How is it possible to mistake a pack of Skittles for a loaded gun? Simple human psychology:
When people have a gun in their hand, they’re more likely to believe an object held by someone else is also a gun.
They’re also more likely to raise the gun to shoot.
Those are the key findings from a new study that will be published later this spring in the Journal of Experimental Psychology: Human Perception and Performance.
“The familiar saying goes that when you hold a hammer, everything looks like a nail,” write the two psychologists who authored the study, James Brockmole of the University of Notre Dame and Jessica Witt of Purdue University. “The apparent harmlessness of this expression fades when one considers what happens when a person holds a gun.”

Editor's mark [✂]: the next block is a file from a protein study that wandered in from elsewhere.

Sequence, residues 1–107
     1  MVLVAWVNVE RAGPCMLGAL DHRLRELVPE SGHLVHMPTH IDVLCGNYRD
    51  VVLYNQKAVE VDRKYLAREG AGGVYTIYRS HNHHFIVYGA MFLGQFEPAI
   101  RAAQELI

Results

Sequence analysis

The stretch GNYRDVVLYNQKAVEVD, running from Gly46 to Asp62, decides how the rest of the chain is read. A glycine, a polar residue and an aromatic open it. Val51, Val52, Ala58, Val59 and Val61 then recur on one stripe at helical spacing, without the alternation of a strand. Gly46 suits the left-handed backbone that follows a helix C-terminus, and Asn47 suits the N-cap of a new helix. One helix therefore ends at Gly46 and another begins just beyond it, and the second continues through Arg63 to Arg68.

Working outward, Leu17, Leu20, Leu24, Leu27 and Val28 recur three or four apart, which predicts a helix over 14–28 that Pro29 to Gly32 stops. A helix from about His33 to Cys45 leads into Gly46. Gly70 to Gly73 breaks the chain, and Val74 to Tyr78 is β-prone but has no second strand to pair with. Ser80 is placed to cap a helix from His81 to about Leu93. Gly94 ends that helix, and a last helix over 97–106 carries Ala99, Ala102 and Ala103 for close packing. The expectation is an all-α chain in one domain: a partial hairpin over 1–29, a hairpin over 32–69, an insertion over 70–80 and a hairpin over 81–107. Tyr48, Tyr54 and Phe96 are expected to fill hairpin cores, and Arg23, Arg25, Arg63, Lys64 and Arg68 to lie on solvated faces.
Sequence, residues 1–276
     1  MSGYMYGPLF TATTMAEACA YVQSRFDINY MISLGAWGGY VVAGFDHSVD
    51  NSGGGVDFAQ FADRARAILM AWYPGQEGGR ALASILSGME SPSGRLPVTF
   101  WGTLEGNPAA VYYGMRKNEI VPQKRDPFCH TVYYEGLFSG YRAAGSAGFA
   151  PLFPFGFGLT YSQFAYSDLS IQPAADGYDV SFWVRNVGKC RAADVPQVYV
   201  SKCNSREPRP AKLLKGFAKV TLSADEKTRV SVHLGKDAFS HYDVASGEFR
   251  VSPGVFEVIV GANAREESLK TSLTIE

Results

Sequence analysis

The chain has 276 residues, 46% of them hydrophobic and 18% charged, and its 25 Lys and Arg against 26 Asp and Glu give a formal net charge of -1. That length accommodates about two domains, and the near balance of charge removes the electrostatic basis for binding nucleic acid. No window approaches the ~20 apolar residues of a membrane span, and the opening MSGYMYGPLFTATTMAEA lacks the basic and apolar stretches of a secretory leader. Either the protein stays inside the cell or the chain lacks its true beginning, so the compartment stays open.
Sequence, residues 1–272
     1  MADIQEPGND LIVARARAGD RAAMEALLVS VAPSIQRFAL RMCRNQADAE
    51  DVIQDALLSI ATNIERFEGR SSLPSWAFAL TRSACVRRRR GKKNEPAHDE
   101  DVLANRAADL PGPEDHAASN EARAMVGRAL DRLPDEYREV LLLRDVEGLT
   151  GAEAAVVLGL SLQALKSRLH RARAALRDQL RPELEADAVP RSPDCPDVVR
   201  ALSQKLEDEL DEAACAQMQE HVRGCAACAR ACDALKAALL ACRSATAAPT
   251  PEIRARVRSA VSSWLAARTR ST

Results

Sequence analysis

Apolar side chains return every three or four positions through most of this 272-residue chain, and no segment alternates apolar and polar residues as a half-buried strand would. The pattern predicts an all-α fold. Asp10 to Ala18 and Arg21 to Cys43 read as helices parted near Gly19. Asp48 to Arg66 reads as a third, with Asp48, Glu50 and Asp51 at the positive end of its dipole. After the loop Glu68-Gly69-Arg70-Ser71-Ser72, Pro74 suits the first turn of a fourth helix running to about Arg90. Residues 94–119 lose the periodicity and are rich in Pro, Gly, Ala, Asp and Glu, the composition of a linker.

All the more reason why I don't want to live in a society where a substantial number of citizens walk around armed—especially in a state like Florida where its "Stand Your Ground" law apparently makes it legally defensible to shoot me if you legitimately fear that my cell phone or my snack is a deadly weapon. I've had enough angry comments, emails, and phone calls over the years from paranoid righties insisting that I was bigger and more immediate threat than al-Qaeda, to suspect that at least some of them might actually believe it, and I'm not particularly thrilled about giving them the means and the legal cover to do something about it. Though, of course, it could be worse. I could be black.
But, you know, Second Amendment! and all that.
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